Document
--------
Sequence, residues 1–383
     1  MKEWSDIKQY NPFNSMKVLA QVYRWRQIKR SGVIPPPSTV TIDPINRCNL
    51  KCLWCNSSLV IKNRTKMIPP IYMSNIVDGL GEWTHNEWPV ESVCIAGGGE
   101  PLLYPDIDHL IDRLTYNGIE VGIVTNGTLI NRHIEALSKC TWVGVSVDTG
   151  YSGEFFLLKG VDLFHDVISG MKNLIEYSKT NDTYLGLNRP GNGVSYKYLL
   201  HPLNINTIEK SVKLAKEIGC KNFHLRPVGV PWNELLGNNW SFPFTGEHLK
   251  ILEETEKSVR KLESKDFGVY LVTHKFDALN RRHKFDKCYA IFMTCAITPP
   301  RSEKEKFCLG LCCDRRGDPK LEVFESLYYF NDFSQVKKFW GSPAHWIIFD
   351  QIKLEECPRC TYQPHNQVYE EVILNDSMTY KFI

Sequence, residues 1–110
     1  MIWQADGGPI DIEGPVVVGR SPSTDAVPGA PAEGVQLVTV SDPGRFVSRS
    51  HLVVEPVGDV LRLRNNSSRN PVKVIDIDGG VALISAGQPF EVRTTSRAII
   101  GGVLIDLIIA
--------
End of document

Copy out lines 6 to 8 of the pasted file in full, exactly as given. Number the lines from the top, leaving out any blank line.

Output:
   201  HPLNINTIEK SVKLAKEIGC KNFHLRPVGV PWNELLGNNW SFPFTGEHLK
   251  ILEETEKSVR KLESKDFGVY LVTHKFDALN RRHKFDKCYA IFMTCAITPP
   301  RSEKEKFCLG LCCDRRGDPK LEVFESLYYF NDFSQVKKFW GSPAHWIIFD